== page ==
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History Main / TheLowMiddleAges

7th Feb '16 2:02:00 PM nombretomado
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Of course, ''even that will change'' with [[Main/TheCrusades our next]] [[Main/TheHighMiddleAges entries...]] [[/folder]]

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Of course, ''even that will change'' with [[Main/TheCrusades [[UsefulNotes/TheCrusades our next]] [[Main/TheHighMiddleAges entries...]] [[/folder]]
20th Jan '16 5:56:13 PM Quag15
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* MedievalMorons: TruthInTelevision, but only to an extent. The literacy rate dropped precipitously, most of the empire's libraries dropped into disrepair, no one could remember how to make concrete or maintain the roads to their prior standards, and the one group actually hanging on to any academic knowledge (the Catholic Church) had a tendency to cherry pick parts that supported the religion and/or allowed a more comprehensive study of areas such as logic and philosophy[[note]]including natural philosophy, which was the term used for parts that today constitute part of what is called natural sciences[[/note]], and destroyed, distorted and/or censored the rest. How bad it got varied a lot with location and the specific time, but in general people on both sides of the time period would have considered their low middle ages counterparts tragically uneducated at best.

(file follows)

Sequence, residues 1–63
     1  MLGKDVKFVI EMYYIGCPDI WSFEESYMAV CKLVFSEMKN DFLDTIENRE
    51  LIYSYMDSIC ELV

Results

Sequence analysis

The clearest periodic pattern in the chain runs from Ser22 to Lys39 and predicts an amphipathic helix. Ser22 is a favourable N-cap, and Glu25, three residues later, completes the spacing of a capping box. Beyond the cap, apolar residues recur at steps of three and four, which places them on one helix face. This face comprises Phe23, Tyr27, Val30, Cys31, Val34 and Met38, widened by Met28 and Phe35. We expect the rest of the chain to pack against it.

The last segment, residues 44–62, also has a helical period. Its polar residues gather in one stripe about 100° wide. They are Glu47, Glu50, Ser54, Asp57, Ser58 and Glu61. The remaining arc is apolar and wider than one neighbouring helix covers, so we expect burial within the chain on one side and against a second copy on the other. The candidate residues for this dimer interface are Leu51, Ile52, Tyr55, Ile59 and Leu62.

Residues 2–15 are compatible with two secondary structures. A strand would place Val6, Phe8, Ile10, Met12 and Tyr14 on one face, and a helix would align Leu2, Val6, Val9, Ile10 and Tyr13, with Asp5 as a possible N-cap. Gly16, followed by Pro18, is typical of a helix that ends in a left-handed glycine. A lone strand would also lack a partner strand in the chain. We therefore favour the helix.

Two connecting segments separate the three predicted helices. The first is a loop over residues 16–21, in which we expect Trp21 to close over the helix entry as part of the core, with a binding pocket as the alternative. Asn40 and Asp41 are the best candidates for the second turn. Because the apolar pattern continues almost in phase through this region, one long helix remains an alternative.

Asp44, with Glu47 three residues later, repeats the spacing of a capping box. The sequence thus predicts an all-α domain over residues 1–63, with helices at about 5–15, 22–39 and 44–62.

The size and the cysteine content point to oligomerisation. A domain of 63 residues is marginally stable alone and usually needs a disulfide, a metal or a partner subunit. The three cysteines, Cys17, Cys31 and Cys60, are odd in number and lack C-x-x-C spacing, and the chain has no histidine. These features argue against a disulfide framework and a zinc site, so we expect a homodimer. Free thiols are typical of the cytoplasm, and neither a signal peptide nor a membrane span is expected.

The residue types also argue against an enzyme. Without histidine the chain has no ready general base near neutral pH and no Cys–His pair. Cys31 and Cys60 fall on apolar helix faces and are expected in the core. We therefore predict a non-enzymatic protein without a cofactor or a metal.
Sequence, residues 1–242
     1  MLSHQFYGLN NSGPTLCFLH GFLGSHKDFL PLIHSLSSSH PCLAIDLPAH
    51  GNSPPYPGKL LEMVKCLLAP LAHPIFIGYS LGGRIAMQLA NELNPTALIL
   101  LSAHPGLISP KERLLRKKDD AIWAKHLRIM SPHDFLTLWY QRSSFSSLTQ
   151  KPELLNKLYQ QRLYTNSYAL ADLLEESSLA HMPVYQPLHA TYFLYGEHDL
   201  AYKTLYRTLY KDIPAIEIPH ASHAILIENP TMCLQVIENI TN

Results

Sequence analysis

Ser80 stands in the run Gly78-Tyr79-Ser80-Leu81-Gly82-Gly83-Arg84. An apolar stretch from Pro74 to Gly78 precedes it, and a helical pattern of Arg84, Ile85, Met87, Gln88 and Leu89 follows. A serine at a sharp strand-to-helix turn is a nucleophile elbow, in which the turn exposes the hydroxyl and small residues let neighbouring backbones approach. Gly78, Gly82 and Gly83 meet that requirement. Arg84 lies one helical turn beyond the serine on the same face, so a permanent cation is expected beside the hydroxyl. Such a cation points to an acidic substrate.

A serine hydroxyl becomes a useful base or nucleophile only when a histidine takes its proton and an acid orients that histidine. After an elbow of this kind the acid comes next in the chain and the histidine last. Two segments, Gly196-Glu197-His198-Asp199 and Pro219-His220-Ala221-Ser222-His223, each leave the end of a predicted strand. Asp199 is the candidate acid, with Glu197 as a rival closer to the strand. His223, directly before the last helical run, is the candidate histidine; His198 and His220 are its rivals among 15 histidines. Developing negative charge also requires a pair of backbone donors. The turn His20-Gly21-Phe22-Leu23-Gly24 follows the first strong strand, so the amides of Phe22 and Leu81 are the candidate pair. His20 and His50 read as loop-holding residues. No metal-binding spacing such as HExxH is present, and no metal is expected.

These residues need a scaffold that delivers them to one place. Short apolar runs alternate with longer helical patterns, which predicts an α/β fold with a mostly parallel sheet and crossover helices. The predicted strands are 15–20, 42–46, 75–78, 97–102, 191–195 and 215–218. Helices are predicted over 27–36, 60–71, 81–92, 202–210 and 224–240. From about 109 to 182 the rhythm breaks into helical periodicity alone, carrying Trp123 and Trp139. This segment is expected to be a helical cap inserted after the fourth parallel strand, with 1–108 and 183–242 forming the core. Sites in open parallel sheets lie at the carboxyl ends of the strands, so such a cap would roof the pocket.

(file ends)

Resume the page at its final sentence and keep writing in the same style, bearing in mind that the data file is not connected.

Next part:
to:

* MedievalMorons: TruthInTelevision, but only to an extent. The literacy rate dropped precipitously, most of the empire's libraries dropped into disrepair, no one could remember how to make concrete or maintain the roads to their prior standards, and the one group actually hanging on to any academic knowledge (the Catholic Church) had a tendency to cherry pick parts that supported the religion and/or allowed a more comprehensive study of areas such as logic and philosophy[[note]]including natural philosophy, which was the term used for parts that today constitute part of what is called natural sciences[[/note]], and destroyed, distorted and/or censored the rest. How bad it got varied a lot with location and the specific time, but in general people on both sides of the time period would have considered their low middle ages counterparts tragically uneducated at best.
20th Jan '16 5:55:45 PM Quag15